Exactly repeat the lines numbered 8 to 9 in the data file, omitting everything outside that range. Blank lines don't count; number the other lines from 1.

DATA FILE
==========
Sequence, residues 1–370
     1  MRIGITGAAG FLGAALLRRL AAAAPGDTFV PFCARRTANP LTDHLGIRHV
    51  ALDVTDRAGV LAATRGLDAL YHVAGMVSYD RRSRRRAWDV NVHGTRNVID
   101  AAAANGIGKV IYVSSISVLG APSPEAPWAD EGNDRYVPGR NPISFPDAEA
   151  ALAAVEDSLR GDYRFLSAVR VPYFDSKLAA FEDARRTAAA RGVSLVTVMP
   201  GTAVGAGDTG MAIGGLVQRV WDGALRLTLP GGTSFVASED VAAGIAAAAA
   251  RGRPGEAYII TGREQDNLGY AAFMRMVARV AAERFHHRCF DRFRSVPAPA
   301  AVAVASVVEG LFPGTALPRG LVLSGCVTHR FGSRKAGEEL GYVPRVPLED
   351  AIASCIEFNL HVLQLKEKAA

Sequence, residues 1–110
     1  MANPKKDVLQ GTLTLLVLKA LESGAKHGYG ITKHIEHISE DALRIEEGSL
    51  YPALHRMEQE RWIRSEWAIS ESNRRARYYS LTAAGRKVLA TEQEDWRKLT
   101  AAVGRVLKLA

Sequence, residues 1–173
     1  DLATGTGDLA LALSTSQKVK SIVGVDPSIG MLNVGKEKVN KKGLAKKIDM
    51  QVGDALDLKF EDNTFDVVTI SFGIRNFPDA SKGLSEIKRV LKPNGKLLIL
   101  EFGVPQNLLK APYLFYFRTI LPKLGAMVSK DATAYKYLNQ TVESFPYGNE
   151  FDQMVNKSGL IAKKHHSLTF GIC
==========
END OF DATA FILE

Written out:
   301  AVAVASVVEG LFPGTALPRG LVLSGCVTHR FGSRKAGEEL GYVPRVPLED
   351  AIASCIEFNL HVLQLKEKAA